and (stable) points of period four appear. Initially these are stable, but as µ

increases they become unstable (at the value µ = 3.544090...) and bifurcate into

period eight points, initially stable.

2.1.7 Reprise.

The total scenario so far, as µ increases from 0 to about 3.55, is as follows:

For µ < b1 := 1, there is no non-zero ¬xed point. Past the ¬rst bifurcation

point, b1 = 1, the non-zero ¬xed point has appeared close to zero. When µ

reaches the ¬rst superattractive value , s1 := 2, the ¬xed point is at .5 and is

superattractive. As µ increases, the ¬xed point continues to move to the right.

Just after the second bifurcation point, b2 := 3, the ¬xed point has become

unstable and two stable points of period two appear, one to the right and one

to the left of .5. The leftmost period two point moves to the right as we increase

√

µ, and at µ = s2 := 1 + 5 = 3.23606797... the point .5 is a period two point,

and so the period two points are superattractive. When µ passes the second

√

bifurcation value b2 = 1 + 6 = 3.449.. the period two points have become

repelling and attracting period four points appear.

In fact, this scenario continues. The period 2n’1 points appear at bifurcation

values bn . They are initially attracting, and become superattracting at sn >

bn and become unstable past the next bifurcation value bn+1 > sn when the

period 2n points appear. The (numerically computed) bifurcation points and

superstable points are tabulated as

n bn sn

1 1.000000 2.000000

2 3.000000 3.236068

3 3.449499 3.498562

4 3.544090 3.554641

5 3.564407 3.566667

6 3.568759 3.569244

7 3.569692 3.569793

8 3.569891 3.569913

9 3.569934 3.569946

∞ 3.569946 3.569946

The values of the bn are obtained by numerical experiment. We shall describe

a method for computing the sn using Newton™s method. We should point out

35

2.2. LOCAL BIFURCATIONS.

that this is still just the beginning of the story. For example, an attractive

period three cycle appears at about 3.83. We shall come back to all of these

points, but ¬rst discuss theoretical problems associated to bifurcations.

2.2 Local bifurcations.

We will be studying the iteration (in x) of a function, F , of two real variables x

and µ . We will need to make various hypothesis concerning the di¬erentiability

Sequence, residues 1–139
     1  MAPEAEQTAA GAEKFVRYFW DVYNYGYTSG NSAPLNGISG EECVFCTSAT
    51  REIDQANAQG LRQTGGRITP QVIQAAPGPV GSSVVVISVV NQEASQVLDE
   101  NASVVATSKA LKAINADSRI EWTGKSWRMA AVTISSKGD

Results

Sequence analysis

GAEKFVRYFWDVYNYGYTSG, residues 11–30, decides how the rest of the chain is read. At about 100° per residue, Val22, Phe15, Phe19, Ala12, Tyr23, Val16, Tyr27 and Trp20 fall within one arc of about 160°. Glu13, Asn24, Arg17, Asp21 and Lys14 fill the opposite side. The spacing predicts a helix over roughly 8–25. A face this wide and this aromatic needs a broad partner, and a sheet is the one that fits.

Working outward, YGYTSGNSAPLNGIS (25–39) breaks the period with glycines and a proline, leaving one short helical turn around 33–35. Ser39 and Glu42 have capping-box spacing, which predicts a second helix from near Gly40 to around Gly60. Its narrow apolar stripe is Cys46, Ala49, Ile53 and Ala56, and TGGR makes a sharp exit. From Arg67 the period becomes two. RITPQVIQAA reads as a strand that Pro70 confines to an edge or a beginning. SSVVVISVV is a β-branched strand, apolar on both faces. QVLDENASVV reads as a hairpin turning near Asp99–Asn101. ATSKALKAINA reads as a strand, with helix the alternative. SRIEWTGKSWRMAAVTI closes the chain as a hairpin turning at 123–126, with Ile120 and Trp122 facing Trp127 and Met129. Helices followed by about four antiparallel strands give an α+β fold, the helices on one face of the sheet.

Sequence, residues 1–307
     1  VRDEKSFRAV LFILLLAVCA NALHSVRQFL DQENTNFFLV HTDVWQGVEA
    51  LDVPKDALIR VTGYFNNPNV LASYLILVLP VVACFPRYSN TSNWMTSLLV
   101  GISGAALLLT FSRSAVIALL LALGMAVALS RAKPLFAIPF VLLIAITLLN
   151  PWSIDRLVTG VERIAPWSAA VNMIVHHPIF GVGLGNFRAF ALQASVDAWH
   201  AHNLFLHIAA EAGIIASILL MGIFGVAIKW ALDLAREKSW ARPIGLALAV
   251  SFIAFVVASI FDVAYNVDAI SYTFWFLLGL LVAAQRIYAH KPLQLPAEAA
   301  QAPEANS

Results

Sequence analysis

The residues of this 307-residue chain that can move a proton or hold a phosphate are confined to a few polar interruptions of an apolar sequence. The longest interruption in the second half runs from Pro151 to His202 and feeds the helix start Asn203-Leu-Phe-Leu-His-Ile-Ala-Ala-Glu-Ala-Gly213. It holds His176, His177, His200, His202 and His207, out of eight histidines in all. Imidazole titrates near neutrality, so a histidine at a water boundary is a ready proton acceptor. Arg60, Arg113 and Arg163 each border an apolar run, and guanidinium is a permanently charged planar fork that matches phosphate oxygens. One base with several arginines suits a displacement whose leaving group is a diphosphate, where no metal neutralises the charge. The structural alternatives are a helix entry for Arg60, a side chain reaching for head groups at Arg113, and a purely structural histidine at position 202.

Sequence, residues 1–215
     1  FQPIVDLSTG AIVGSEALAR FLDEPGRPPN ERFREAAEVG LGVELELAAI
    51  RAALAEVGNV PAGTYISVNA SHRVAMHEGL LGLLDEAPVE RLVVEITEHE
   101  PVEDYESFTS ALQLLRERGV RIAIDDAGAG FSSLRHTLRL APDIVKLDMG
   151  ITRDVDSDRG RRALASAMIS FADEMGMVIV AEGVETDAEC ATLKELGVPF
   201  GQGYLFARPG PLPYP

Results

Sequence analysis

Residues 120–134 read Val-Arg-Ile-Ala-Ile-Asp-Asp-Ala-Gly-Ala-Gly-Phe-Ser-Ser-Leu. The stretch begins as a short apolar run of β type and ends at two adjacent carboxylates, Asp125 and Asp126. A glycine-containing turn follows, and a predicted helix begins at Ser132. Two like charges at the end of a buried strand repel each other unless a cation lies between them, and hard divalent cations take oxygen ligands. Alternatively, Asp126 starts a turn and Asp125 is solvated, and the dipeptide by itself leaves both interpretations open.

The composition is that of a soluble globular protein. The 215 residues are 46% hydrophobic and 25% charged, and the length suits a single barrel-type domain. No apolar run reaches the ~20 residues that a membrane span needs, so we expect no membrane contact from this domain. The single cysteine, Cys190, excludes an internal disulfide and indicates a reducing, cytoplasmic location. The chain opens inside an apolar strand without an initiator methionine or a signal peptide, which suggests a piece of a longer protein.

of F . We will always assume usually it is at least C 2 (has continuous partial

derivatives up to the second order). We may also need C 3 in which case we

explicitly state this hypothesis. We write

Fµ (x) = F (x, µ)

and are interested in the change of behavior of Fµ as µ varies.

Before embarking on the study of bifurcations let us observe that if p is a

¬xed point of Fµ and Fµ (p) = 1, then for ν close to µ, the transformation Fν has

a unique ¬xed point close to p. Indeed, the implicit function theorem applies to

the function

P (x, ν) := F (x, ν) ’ x

since

‚P

(p, µ) = 0

‚x

by hypothesis. We conclude that there is a curve of ¬xed points x(ν) with

x(µ) = p.

2.2.1 The fold.

The ¬rst type of bifurcation we study is the fold bifurcation where there is no

(local) ¬xed point on one side of the bifurcation value, b, where a ¬xed point p

appears at µ = b with Fµ (p) = 1, and at the other side of b the map Fµ has two

¬xed points, one attracting and the other repelling.

As an example consider the quadratic family

Q(x, µ) = Qµ (x) := x2 + µ.

Fixed points must be solutions of the quadratic equation

x2 ’ x + µ = 0,

whose roots are

11

± 1 ’ 4µ.

p± =

22

For

1

µ>b=

4

36 CHAPTER 2. BIFURCATIONS

1.5 1.5 1

0.8

1 1

0.6

0.4

0.5 0.5

0.2

0 0 0

0 0.5 1 0 0.5 1 0 0.5 1

µ=.5 µ=.25 µ=0

Figure 2.5: y = x2 + µ for µ = .5, .25 and 0.

these roots are not real. The parabola x2 + µ lies entirely above the line y = x

and there are no ¬xed points.

At µ = 1 the parabola just touches the line y = x at the point ( 1 , 1 ) and so

4 22

1

p=

2

is a ¬xed point, with Qµ (p) = 2p = 1.

1

For µ < 4 the points p± are ¬xed points, with Qµ (p+ ) > 1 so it is repelling,

and Qµ (p’ ) < 1. We will have Qµ (p’ ) > ’1 so long as µ > ’ 3 , so on the

4

3 1

range ’ 4 < µ < 4 we have two ¬xed points, one repelling and one attracting.

We will now discuss the general phenomenon. In order not to clutter up the

notation, we assume that coordinates have been chosen so that b = 0 and p = 0.

So we make the standing assumption that p = 0 is a ¬xed point at µ = 0, i.e.

that

F (0, 0) = 0.

Proposition 2.2.1 (Fold bifurcation). Suppose that at the point (0, 0) we

have

‚2F

‚F ‚F

(a) (0, 0) = 1, (b) (0, 0) > 0, (c) (0, 0) > 0.

‚x2

‚x ‚µ

Then there are non-empty intervals (µ1 , 0) and (0, µ2 ) and > 0 so that

(i) If µ ∈ (µ1 , 0) then Fµ has two ¬xed points in (’ , ).

One is attracting and the other repelling.

(ii) If µ ∈ (0, µ2 ) then Fµ has no ¬xed points in (’ , ).

37

2.2. LOCAL BIFURCATIONS.

Proof. All the proofs in this section will be applications of the implicit function